I'm Tom.

I'm a Python web developer living in Shanghai. This is my personal website and blog.

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  3. Ramble on Java & Session
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Ramble on Java & Session

Recently I’ve been working on some Java stuff, from JSP, Spring MVC to Hibernate. It’s actually not such a smooth and comfortable switch from Python to Java, especially when building a website with frameworks. A hello world page would takes more efforts in Java comparing to Python. Part of the reason may be I’m quite a novice in the Java world, the learning curve of which is steeper than that of Python.

However the previous experience on Python web development is not for nothing, to some extent, it helps me understand the concepts in Java web. I always try to find equivalents in Python when coming across a new thing in Java. For example, Tomcat/Jetty, the Java servlet container, is somewhat equivalent to WSGI containers like uWSGI, and servlet, is somewhat equivalent to WSGI. Hibernate is something like Django ORM/Sqlalchemy. Spring AOP is like decorators. Spring Controllers is somewhat like Flask views. Although there’s some concepts I can’t find analogies to, like dependencies injection, IoC. Python seems to be able to achieve those with the language support.

During my exploration into Java web, I started building a very simple todo list app on Spring MVC, just to get my hands dirty with this famed framework. When working on a simple login function for the app, I came to think how Spring handle sessions. Down below, I use Spring Security for authentication and authorization. Again, I find it is somewhat equivalent to auth/session app in Django.

As I recalled, Django supports couple session backends, by default it uses DB to store sessions. When clients first visited, a new session is created in the session table, where all session data for that single session is stored and session keys are returned in cookies. With this session key in cookie, separate requests can share data and relate to each other, as they’re in a same session. When clients are authenticated, a flag is set in the session to prevent further authentication.

Apparently this is not how Spring security session works, as they don’t have any table created. Another session implementation I remembered is the one from Flask, which uses secure cookie from werkzeug. This implementation stores user’s session data(no session key in this case) in cookie. Session data is serialized and a checksum of the data is appended before sending back to client. Checksum is checked to make sure data is not tampered. However after inspecting the cookie, there’s a only a cookie called JSESSIONID, which should be the id of a session, and skimming through some code of Spring security, this doesn’t look like the approach adapted.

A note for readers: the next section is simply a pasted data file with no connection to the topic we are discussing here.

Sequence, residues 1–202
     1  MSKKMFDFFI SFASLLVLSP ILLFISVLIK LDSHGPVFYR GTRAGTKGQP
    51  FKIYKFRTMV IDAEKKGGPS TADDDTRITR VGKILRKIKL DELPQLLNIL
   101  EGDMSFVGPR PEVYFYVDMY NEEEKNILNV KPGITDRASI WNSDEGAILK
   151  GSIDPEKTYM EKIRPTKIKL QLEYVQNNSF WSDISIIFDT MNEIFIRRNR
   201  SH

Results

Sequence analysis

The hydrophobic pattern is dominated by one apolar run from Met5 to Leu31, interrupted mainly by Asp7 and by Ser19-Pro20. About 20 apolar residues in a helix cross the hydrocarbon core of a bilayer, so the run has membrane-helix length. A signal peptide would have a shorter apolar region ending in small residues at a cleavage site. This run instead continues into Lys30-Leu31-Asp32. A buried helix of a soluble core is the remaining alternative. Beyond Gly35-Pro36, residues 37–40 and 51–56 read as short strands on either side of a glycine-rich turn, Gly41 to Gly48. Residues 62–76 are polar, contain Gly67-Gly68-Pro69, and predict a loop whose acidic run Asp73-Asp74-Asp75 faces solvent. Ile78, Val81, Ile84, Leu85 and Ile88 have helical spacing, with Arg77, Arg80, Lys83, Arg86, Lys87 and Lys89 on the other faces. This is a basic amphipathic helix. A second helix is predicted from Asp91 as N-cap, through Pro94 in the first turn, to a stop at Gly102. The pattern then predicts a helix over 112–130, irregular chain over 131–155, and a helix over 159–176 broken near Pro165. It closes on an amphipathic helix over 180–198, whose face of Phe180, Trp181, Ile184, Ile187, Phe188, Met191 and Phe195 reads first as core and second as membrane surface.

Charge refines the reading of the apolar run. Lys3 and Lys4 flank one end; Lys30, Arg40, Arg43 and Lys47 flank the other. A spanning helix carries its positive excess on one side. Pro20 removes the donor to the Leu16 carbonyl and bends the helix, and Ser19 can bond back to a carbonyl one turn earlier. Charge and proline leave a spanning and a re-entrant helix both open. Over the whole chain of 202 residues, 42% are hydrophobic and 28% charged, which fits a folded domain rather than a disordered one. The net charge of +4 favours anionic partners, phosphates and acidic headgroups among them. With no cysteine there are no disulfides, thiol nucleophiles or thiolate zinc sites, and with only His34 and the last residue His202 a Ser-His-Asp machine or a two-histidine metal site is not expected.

So where the hell is session stored in Spring? After some googling around, I learned that A) Session is a low level api implemented in servlet container B) Tomcat stores session in memory! A little bit surprised, session is not persisted. Nevertheless in respect of performance, in memory store is absolute a winner. But the problem is also obvious, What if server crashes? What if there’s a cluster of servers? How does it scale?

Then I learned that, to distribute session with a cluster of servers, Tomcat supports session replication. And there’s also a solution called “sticky session”. A term never heard of before. But in fact it is just a load balance strategy that route the same client to the same server so that the client is sticked to that server, the session is kept. However as to the scenario that single server crashed, I’m not sure how Tomcat failed over that. Maybe just failed that, session is never meant to store persistent data.

Tracing back to the time when I was working with Django, We tend to use a different session store other than database, such as Memcache or Redis. Rereading the Django documentation on session, I found it also supports local memory, but not recommended. Tomcat also supports different persistent storage.

So I’ve mumbled so many things about session. That is what really get me started on this post. But what I was trying to convey is that, when switching to different tech stack, surprise is not bad, as we may find that our understanding of things is not that accurate or simply wrong. But just like the analogies I make, the philosophy behind things might be the same. Dig that.